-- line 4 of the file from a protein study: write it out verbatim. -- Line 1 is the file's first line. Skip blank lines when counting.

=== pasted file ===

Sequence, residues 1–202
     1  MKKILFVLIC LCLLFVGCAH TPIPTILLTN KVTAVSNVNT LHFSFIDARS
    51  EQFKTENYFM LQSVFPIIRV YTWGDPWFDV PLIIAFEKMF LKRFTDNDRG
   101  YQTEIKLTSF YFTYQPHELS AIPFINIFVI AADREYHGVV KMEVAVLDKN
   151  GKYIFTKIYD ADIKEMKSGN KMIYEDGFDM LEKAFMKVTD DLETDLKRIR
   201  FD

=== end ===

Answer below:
   101  YQTEIKLTSF YFTYQPHELS AIPFINIFVI AADREYHGVV KMEVAVLDKN